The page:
June 27, 2000
Life in the Big City isn't what it used to be, apparently. The bright lights and some of the other so-called advantages of living in the metropolis seem to be losing their glitter and growing dimmer each year. Consider the recent past. When I hear about ruthless rioters demolishing private property and rampaging unchecked through the streets, thereby putting honest and decent citizens at peril, it makes me utter a silent prayer of thanks for a snug place in a small but secure town like ours. No doubt the residents of Los Angeles and New York would be glad to trade places with us after the recent demonstrations of wilding and hooliganism on their streets. We'd be glad to welcome some of them here, but not their street gangs and other crazies.
The Big City will continue to be a choice place for brief stopovers in spite of the recent incidents. Their museums, theaters, concert halls and other cultural spots will continue to lure audiences like oases in the desert, and their restaurants, hotels, financial centers and the like will continue to be the hub for vast areas. But live there? No thanks.
See where the mayor and our city councillors have approved a record budget of more than $20 million for the 2000-01 fiscal year. That's a whopper, but as his honor pointed out that includes some $10 million for the city's water improvement project, and that will be totally financed by the sales tax increase that we approved in a special election last month. Otherwise, the new municipal budget is in line with the normal rate of increase you'd expect in a small city that is slowly, but surely, growing.
Speaking of that sales tax election, its positive outcome will provide us with a long-term solution to the annual shortage of water during the hottest summer months. Tapping into the large resources of Stillwater's Lake McMurtry should end the summer water rationing we've come to expect each year. Approval of that proposition has caused a lot of rejoicing in our town. Wheels are already turning on many critical projects in the community. All of them are badly needed but passage of the water issue was basic to each undertaking. Without adequate water, a community of any size is doomed to extinction.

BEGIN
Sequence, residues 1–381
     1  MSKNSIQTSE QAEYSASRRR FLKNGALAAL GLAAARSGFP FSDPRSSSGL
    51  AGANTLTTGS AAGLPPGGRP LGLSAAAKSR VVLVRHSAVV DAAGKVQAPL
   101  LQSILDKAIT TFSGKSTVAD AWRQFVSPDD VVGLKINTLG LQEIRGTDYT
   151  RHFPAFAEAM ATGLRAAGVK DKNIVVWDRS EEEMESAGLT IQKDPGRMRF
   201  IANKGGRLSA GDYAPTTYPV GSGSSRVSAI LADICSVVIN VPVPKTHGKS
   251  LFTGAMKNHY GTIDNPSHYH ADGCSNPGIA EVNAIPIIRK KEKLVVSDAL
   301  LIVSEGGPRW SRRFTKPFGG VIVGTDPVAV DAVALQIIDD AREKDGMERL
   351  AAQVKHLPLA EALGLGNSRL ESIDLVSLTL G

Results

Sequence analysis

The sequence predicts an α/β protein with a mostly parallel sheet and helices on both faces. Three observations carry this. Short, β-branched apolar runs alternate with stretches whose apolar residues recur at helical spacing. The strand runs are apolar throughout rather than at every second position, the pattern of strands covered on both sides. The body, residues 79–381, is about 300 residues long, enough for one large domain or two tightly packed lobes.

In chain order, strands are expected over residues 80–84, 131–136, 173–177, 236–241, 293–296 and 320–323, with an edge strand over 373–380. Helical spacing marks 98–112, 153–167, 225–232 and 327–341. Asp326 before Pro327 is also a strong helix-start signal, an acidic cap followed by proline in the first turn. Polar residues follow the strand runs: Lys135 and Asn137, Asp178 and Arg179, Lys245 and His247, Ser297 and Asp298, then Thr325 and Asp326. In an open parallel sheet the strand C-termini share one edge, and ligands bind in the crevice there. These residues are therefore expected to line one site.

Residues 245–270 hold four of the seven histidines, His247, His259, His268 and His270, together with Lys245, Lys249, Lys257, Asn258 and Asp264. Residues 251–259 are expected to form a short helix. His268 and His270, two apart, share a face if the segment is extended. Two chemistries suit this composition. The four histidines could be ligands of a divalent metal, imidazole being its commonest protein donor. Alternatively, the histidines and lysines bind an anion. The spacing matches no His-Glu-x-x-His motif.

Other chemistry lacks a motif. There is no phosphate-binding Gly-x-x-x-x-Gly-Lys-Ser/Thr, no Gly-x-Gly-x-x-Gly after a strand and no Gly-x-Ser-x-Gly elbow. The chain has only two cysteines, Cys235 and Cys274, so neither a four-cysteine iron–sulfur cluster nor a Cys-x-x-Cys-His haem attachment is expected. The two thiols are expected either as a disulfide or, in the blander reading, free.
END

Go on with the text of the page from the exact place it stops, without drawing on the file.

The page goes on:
Perry citizens have demonstrated many times that they will approve financing of municipal or school projects if they are shown clearly that a need for them exists. In the case of our water woes, there was no viable, inexpensive solution. So, we have approved the building of a pipeline from Perry's CCC Lake to Lake McMurtry (a distance of some 13 miles), building elevated storage towers, new lines to serve customers and increasing the water treatment plant capacity. That's what the sales tax increase will finance. The proposition passed by a vote of 897-148 and that wide margin demonstrates the population's faith in our mayor and council. The new tax increase (11/4 percent) will take effect on July 1.
If there is a disturbing aspect, it must be this. Why do so many voters fail to take a stand? The total vote on the water project was 1,043. According to Helen Webb, clerk of the Noble county election board, the city of Perry has approximately 3,031 active voters. By "active," she means voters who have participated in recent elections. If the "inactive" number is included, we have a total of 3,984 who could have rendered a verdict. Mrs. Webb explains that both categories may include some rural Perry area residents, who were not eligible to vote on this matter. If you consider only the lower figure, 3,031, it still indicates that only about one-third of the eligible voters took the trouble to express themselves on the crucial water proposition. Where were the others? Did they just assume the issue would be approved without their vote? You have to wonder.